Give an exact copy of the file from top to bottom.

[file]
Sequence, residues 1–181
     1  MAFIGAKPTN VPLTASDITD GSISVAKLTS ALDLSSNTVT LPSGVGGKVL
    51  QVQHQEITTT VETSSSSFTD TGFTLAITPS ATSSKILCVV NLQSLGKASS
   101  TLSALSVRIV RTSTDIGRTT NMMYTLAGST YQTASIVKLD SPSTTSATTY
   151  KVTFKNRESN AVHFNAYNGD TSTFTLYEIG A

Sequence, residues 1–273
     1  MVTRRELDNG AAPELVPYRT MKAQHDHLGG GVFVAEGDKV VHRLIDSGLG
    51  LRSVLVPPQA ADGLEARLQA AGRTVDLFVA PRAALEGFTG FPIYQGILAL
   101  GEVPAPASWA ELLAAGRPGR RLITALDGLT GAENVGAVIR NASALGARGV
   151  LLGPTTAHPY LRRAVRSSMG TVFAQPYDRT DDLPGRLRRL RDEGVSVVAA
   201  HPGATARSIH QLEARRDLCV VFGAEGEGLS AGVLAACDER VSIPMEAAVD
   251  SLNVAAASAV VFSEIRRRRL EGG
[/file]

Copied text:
Sequence, residues 1–181
     1  MAFIGAKPTN VPLTASDITD GSISVAKLTS ALDLSSNTVT LPSGVGGKVL
    51  QVQHQEITTT VETSSSSFTD TGFTLAITPS ATSSKILCVV NLQSLGKASS
   101  TLSALSVRIV RTSTDIGRTT NMMYTLAGST YQTASIVKLD SPSTTSATTY
   151  KVTFKNRESN AVHFNAYNGD TSTFTLYEIG A

Sequence, residues 1–273
     1  MVTRRELDNG AAPELVPYRT MKAQHDHLGG GVFVAEGDKV VHRLIDSGLG
    51  LRSVLVPPQA ADGLEARLQA AGRTVDLFVA PRAALEGFTG FPIYQGILAL
   101  GEVPAPASWA ELLAAGRPGR RLITALDGLT GAENVGAVIR NASALGARGV
   151  LLGPTTAHPY LRRAVRSSMG TVFAQPYDRT DDLPGRLRRL RDEGVSVVAA
   201  HPGATARSIH QLEARRDLCV VFGAEGEGLS AGVLAACDER VSIPMEAAVD
   251  SLNVAAASAV VFSEIRRRRL EGG